Highland Doghobble Leucothoe fontanesiana 'Rollissonii'

☠ Toxic to humans
🐾 Toxic to pets
🌸 Blooming
🍪 Not edible
‍🌱 Hard-care
dog hobble 'Rollissonii'


Leucothoe fontanesiana 'Rollissonii', commonly known as the Drooping Leucothoe, is an evergreen shrub notable for its cascade of glossy, dark green leaves. The leaves have a slightly elongated and lance-shaped appearance, with finely toothed margins that add a delicate texture to the foliage. In the spring, the Drooping Leucothoe produces clusters of small, urn-shaped flowers that dangle from the stems. The flowers are typically white or pale pink and add a subtle, yet charming appeal to the shrub. As the seasons change, the foliage of this plant can transform, taking on a purple or bronze hue, providing a striking contrast and adding winter interest to the landscape. This plant is appreciated for its graceful, arching form and the elegance it brings to shady garden areas.

Plant Info
Common Problems

About this plant

  • memoNames

    • Family


    • Synonyms

      Highland Doghobble, Drooping Leucothoe, Fetterbush, Switch Ivy, Mountain Doghobble

    • Common names

      Leucothoe fontanesiana 'Rollissonii'.

  • skullToxicity

    • To humans

      The plant commonly known as Drooping Leucothoe is considered to be toxic to humans. If ingested, parts of the plant can cause symptoms such as vomiting, diarrhea, and abdominal pain. In particular, it contains grayanotoxins, which can affect the heart and lead to cardiac symptoms if consumed in large enough quantities. It is important to seek medical attention immediately if ingestion is suspected.

    • To pets

      Drooping Leucothoe is also toxic to pets, particularly cats and dogs. Ingesting this plant can lead to symptoms similar to those in humans, which include vomiting, diarrhea, and abdominal pain. Due to the presence of grayanotoxins, more severe symptoms such as drooling, weakness, and potential cardiac issues could also occur. It is crucial to contact a veterinarian right away if your pet has consumed any part of this plant.

  • infoCharacteristics

    • Life cycle


    • Foliage type


    • Color of leaves


    • Flower color


    • Height

      3-4 feet (0.9-1.2 meters)

    • Spread

      3-4 feet (0.9-1.2 meters)

    • Plant type


    • Hardiness zones


    • Native area

      Southeastern United States


  • money-bagGeneral Benefits

    • Ornamental Appeal: Leucothoe fontanesiana 'Rollissonii', commonly known as Dog Hobble, has cascading, evergreen foliage that adds aesthetic value to gardens and landscapes throughout the year.
    • Shade Tolerance: Dog Hobble thrives in shaded areas where other plants may not grow as well, making it ideal for woodland gardens or shaded borders.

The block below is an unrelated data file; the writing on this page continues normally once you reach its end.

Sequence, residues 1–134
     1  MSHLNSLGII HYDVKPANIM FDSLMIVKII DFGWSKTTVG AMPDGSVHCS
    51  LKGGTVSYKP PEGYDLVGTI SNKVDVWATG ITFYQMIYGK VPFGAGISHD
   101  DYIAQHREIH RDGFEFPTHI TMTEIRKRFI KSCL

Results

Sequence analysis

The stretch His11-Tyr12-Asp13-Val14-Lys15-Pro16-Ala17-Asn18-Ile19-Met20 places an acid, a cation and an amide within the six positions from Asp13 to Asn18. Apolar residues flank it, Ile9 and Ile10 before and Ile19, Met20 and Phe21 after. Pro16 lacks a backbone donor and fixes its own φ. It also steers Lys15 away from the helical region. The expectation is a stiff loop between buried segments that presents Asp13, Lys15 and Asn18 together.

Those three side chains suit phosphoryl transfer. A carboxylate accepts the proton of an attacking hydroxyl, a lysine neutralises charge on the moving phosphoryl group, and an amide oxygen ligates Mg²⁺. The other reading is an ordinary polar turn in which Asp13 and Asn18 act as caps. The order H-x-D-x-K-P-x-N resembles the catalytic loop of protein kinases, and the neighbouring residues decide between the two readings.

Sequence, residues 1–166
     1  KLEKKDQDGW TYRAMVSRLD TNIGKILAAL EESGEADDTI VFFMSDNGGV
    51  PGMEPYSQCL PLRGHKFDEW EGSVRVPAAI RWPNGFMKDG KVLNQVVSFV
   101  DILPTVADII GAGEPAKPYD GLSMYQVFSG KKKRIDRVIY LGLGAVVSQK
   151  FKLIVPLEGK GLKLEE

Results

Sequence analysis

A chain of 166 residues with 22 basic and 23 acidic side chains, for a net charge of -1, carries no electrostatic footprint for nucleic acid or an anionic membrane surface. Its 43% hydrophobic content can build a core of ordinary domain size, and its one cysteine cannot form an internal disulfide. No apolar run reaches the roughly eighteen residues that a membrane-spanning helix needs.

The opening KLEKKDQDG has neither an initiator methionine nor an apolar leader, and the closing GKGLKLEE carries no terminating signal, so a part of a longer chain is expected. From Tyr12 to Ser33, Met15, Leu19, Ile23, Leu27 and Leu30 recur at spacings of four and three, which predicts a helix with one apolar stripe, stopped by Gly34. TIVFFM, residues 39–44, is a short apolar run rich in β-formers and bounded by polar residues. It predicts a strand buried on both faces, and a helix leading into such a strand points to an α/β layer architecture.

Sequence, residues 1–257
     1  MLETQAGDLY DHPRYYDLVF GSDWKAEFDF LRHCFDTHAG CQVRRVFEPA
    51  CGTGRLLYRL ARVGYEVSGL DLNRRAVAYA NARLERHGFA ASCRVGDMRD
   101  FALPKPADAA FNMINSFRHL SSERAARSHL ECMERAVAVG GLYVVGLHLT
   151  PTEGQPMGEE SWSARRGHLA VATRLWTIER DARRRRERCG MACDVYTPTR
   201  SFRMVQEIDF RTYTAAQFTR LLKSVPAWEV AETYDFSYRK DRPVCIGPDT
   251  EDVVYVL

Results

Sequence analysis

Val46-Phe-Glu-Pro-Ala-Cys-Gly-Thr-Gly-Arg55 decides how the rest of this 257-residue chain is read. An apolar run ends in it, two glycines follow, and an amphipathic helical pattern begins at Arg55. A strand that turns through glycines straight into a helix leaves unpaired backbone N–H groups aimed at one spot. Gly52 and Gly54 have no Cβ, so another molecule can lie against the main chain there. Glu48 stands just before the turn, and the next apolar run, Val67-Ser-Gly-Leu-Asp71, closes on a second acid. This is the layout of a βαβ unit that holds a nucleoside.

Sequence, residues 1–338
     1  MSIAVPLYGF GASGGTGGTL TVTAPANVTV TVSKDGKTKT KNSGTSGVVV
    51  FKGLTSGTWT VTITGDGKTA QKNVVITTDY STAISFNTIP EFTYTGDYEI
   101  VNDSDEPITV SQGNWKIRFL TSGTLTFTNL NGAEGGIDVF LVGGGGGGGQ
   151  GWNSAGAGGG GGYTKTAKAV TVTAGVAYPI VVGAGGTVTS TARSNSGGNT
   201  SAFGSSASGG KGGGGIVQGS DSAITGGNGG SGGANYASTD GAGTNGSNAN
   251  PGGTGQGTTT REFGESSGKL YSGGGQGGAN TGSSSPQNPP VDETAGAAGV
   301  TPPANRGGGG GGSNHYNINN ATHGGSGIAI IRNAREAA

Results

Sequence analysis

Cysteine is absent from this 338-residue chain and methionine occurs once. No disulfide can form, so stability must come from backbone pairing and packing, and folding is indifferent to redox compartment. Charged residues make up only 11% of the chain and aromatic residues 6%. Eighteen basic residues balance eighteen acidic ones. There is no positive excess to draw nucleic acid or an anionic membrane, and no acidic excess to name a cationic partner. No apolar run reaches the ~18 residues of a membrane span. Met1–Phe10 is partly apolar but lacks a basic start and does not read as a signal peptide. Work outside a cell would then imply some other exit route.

• Low Maintenance: Once established, this plant requires minimal care, making it a good choice for gardeners with limited time.
    • Soil Adaptability: It is adaptable to a range of soil conditions, though it prefers acidic, well-drained soils, accommodating various garden environments.
    • Wildlife Attraction: The flowers of Dog Hobble attract pollinators like bees, while the dense foliage provides shelter for birds and small wildlife.
    • Seasonal Interest: The plant offers year-round interest with its white-to-pinkish spring flowers, glossy summer leaves, and in some climates, purple-to-red fall foliage.
    • Erosion Control: Dog Hobble can be used on slopes or areas prone to erosion due to its spreading nature and ability to form a dense ground cover.
    • Naturalizing: It can create a natural forest understory look, which is ideal for gardens aimed at mimicking natural habitats.

  • medicalMedical Properties

    This plant is not used for medical purposes.

  • windAir-purifying Qualities

    This plant is not specifically known for air purifying qualities.

  • leavesOther Uses

    • Leucothoe fontanesiana 'Rollissonii', commonly known as Doghobble, can be used in terrariums due to its relatively compact size and attractive foliage, creating a miniature forested landscape.
    • Doghobble's dense growth habit makes it suitable for use as a privacy screen or hedge in shady garden areas where other plants may struggle to thrive.
    • The plant can be utilized in thematic gardens such as fairy or fantasy gardens because of its arching branches and evergreen leaves that provide a whimsical backdrop.
    • Doghobble's wood may be used in small-scale woodworking or for crafting purposes, such as making decorative items or small tools, due to its firmness and durability.
    • Due to its resistance to heavy shade and acidic soils, it can be planted on sloped areas for erosion control, helping to stabilize the soil and prevent landslides.
    • Its interesting texture and leaf colors make Doghobble a great candidate for artistic photography, especially within woodland garden settings.
    • The plant can serve as a backdrop in cut flower arrangements, with its evergreen foliage providing contrast to seasonal blooms.
    • It can be used in educational settings such as schools and botanical gardens to teach about native plant species and their ecological importance in forest understories.
    • Doghobble's branches may be collected and used to create naturalistic wreaths and other decorations for events or festivals, especially in the winter months when options are limited.